Lactobacillus as an intervention for prophylaxis of VVC in HIV positive women would be free of resistance problems and would be cost effective too. However two important aspects of this intervention needs to be evaluated in randomised trials namely the regime to be used and the storage or refrigeration. In the included study which investigated the effect of Lactobacillus weekly on prevention of VVC, the authors have stated that they did not confirm the presence of viable Lactobacillus in the vaginas of women on Lactobacillus treatment arm, as this was a self care evaluation the applicability of the results showing that Lactobacillus helps prevent VVC in HIV positive women would entirely depend on patient compliance and proper storage .Other studies and reviews on the efficacy of probiotics in preventing VVC in HIV negative women have concluded that further research is needed to prove the effectiveness of probiotics in preventing the recurrences of VVC and to allow their wide use for this indication.
More well designed trials need to be done to target the risk populations namely sex workers regarding two important aspects of spread HIV in relation to VVC. Vaginal infection including VVC would increase the viral load in vaginal secretions making the women more liable to pass on infection to her partner.Besides it would make her more susceptible to acquire new and possibly more virulent strains from an infected partner. Trials need to assess whether prophylaxis is more relevant to this group of women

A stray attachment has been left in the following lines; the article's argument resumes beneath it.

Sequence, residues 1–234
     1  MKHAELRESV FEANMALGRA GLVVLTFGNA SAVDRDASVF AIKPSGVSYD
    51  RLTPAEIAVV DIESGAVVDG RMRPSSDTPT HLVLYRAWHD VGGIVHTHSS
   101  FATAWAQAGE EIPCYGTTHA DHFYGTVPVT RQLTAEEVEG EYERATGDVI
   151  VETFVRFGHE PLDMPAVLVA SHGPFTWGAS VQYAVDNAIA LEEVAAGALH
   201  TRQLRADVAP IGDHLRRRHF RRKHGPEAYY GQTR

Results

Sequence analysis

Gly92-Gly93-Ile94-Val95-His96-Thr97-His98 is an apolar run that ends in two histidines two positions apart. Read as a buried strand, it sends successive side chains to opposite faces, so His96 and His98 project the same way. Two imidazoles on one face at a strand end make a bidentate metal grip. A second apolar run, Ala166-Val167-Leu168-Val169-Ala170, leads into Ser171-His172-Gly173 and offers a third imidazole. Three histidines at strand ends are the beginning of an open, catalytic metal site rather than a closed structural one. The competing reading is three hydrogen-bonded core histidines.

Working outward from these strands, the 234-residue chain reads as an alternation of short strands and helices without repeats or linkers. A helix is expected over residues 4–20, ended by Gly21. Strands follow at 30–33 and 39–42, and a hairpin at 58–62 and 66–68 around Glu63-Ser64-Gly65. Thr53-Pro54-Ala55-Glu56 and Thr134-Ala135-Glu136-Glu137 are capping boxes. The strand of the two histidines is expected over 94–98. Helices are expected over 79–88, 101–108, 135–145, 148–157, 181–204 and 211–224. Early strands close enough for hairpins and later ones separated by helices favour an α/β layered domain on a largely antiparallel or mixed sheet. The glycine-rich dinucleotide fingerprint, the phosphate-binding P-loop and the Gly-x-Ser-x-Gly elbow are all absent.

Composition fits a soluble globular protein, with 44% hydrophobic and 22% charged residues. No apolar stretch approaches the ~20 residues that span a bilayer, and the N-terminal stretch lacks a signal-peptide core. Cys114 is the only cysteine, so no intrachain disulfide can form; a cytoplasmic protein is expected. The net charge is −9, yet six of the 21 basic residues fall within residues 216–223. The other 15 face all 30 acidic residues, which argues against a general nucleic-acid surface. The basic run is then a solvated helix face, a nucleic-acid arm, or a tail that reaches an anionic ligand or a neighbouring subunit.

Similarly vertical transmission would be more when vaginal infections are present and C-Section is either not possible , acceptable or affordable.The question therefore would be whether there is need for prophylaxis for pregnant women with HIV to minimize such transmission keeping in mind that pregnancy per se is a risk factor for VVC.Topical therapy is preferred for treatment of vaginal candidiasis in pregnancy when possible. Single-dose, episodic treatment with fluconazole has not been associated with birth defects in humans. However, with chronic use of doses of fluconazole of 400 mg or higher in pregnancy, five cases of a syndrome of craniosynostosis, characteristic facies, digital synostosis, and limb contractures have been reported (“fluconazole embryo pathy”).Get full text at The Cochrane Library